As far as counterpoint, the rules are complex, but outside of trying to sound like 18th-19th century classical music, the basic rules I use are:

  1. Never use unison notes
  2. Start on an octave or 5th
  3. Use mainly 3ds and 6ths as your harmonies, with passing notes on off beats
  4. No interval leaps larger than a 5th (but if you do, not larger than an octave and move down by step for the next note)
    5.Use 2-1 ratio of notes (two quarter notes against a half note, two eighths against a quarter, etc.)

It sounds intimidating, but it’s kinda fun–like putting together a musical jigsaw puzzle (though I’m hardly a master of the art :sweat_smile:)

Hope that’s helpful.


My 2 cents: Playing 1 melody against another is probably why I got into DAW recording in the first place, and what fascinates me about music, but I’ll try to keep this short. I agree with some other comments about it being more of a harmony line than a counterpoint. I don’t know if there’s a clear line between the 2, but what matters to me is how it sounds, and if I want to listen to it over and over.

For me, the goal of playing 1 line against another, is to bring out another level of beauty in at least the main melody, if not both melodies. You can make a ‘ho-mum’ melody come alive with the right melody playing against it…but not very likely by using the rules of counterpoint [in my opinion].

I once tried to learn/memorize the rules of counterpoint, but realized that working out a melody 1 note at a time would be too limiting and defeat my purpose…and rarely produce anything worth keeping. Sure you get “proper” harmony that way, but there’s a price to pay in creativity and the resulting sound.

I eventually realized that good melodies don’t work as a string of single notes, but as “figures” or sets of notes - or as whole, indivisible statements [gestalts?] rather than note sequences.
So I work from figures - or melodic statements - now, which doesn’t accommodate the counterpoint rules very well, but produces far better sounding combinations, the kind that give life to the original melody, plus a new twist, or sense of the harmony.
This approach also takes care of the need to make sure the melodies work individually, from the outset.

Since there’s no need to be gentle :face_with_hand_over_mouth:, I just realized this reminds me of a bad habit I’m trying to break. :person_gesturing_no:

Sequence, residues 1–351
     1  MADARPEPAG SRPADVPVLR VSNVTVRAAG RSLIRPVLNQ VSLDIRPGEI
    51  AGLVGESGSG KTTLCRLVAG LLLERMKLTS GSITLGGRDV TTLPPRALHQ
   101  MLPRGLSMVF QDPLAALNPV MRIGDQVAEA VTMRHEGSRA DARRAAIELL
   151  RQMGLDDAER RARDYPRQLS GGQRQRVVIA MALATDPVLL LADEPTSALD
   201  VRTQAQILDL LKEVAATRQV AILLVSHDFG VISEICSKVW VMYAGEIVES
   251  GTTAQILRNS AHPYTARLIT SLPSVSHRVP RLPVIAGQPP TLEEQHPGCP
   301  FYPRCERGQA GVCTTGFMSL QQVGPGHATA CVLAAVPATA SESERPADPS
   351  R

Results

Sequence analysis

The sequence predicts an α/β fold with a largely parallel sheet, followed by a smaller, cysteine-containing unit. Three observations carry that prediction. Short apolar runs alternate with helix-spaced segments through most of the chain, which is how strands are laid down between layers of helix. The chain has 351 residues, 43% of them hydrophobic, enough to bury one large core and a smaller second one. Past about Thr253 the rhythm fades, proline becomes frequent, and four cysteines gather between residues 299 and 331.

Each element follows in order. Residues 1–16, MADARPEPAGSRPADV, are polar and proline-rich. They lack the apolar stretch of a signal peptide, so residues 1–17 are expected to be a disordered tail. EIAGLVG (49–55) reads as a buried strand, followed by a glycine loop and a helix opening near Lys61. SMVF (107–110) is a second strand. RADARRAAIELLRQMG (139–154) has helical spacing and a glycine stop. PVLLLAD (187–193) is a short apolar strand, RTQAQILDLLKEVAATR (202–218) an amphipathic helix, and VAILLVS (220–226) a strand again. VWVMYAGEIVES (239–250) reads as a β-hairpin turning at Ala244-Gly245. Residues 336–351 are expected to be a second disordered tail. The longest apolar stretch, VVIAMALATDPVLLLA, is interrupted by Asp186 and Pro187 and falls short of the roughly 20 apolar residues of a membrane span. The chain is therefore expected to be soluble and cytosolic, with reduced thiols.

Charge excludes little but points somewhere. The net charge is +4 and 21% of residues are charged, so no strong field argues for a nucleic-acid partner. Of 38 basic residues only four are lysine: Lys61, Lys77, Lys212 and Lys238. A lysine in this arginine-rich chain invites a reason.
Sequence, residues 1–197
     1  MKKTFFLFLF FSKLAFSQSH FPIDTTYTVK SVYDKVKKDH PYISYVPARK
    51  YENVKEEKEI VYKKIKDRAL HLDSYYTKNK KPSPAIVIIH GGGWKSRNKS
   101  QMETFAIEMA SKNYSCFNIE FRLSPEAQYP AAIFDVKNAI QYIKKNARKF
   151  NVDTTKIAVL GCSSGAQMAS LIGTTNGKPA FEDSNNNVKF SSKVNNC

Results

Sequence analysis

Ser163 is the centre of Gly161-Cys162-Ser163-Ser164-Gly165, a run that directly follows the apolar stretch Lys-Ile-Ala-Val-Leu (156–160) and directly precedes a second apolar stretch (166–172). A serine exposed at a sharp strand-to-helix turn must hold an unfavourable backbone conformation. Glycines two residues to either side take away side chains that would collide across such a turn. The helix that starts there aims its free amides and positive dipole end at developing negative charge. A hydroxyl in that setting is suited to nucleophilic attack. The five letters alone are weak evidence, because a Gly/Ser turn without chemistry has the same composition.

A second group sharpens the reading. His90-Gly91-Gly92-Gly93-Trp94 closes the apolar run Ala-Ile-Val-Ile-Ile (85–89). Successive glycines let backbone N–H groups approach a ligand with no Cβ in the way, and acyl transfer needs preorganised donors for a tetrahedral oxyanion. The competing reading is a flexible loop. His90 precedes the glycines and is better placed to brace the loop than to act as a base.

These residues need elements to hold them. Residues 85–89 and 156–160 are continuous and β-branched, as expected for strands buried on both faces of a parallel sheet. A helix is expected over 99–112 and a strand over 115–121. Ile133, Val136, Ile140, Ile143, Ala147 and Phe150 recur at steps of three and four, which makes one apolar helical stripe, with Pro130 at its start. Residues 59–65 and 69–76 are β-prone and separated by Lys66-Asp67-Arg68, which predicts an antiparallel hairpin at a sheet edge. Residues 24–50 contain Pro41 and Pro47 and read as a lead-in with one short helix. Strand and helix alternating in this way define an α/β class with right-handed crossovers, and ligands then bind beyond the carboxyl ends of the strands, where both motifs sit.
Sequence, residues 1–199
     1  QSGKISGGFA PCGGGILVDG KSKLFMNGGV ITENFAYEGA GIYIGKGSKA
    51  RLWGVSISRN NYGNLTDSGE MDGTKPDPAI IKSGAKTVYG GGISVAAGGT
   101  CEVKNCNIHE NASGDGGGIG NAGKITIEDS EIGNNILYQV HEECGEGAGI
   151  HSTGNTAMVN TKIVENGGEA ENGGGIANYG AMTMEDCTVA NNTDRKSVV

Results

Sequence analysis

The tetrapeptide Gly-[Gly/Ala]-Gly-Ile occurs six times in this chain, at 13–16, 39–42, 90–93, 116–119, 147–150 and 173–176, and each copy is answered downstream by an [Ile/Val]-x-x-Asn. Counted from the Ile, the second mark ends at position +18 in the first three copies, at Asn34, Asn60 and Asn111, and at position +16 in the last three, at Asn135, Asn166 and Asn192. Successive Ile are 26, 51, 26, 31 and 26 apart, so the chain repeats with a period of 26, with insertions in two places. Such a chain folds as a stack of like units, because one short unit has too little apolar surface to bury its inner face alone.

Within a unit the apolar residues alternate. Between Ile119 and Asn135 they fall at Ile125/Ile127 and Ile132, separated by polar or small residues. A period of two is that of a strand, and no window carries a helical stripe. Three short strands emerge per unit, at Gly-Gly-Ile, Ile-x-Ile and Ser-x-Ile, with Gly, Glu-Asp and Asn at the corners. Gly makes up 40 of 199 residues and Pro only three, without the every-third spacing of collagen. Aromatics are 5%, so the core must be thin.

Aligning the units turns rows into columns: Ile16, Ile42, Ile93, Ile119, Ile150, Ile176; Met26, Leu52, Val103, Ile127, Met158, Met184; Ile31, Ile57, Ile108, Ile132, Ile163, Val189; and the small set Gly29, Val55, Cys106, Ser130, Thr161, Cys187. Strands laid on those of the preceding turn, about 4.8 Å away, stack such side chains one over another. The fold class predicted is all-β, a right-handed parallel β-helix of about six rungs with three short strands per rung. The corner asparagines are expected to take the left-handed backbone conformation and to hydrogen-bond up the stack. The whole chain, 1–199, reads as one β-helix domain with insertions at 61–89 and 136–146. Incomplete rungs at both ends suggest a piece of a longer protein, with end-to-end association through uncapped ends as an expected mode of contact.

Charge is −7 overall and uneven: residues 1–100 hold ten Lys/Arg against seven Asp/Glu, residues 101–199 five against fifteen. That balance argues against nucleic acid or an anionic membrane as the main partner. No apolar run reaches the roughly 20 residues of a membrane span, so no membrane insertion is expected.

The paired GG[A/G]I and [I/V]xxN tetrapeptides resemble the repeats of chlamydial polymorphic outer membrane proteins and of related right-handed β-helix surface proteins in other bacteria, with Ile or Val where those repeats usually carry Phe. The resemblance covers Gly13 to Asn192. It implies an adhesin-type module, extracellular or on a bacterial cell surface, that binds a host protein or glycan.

That of listening over and over to something I just did, trying to decide if it’s any good… or not…as if I couldn’t tell in just 1 hearing…or wasn’t sure…or…maybe it’s good, and I missed something…or… :thinking:…or…what exactly is wrong, if anything?

I waste alot of time doing that, but I’m starting to suspect that it’s a way of chickening out on working more creatively. :bowing_man: Or just accepting that it’s not working, and moving on to find something better.

Because what I want in the end is something that sounds good/great on the very 1st listening. :dart: NOT something that you have to repeat, in the hope that it grows on you, or you eventually figure out some way that it actually DOES sound good. As dumb as that may sound :face_with_raised_eyebrow:, it’s the only way I can describe, or theorize, why I would listen repeatedly when in doubt.

But that’s often the dilemma we find ourselves in, especially if we’re amateurs, beginners; We made something that doesn’t sound bad…really… :woman_shrugging:… but wonder if we’re missing something, because…well, it doesn’t sound mind blowing either, just kind of …there…OK… :face_with_diagonal_mouth:…not terrible, but not great either.

And of course we’ve heard far worse on the radio :face_vomiting:, or other social media, :roll_eyes: so we’re kind of at a temporary loss on where we stand as musicians, or at least this one piece… and getting someone else’s opinion is about all that’s left. We don’t want to chuck something that might have value on the one hand, but if not, don’t want to waste anymore time on it. :smiling_face_with_tear:Yes, I know that feeling. :hugs: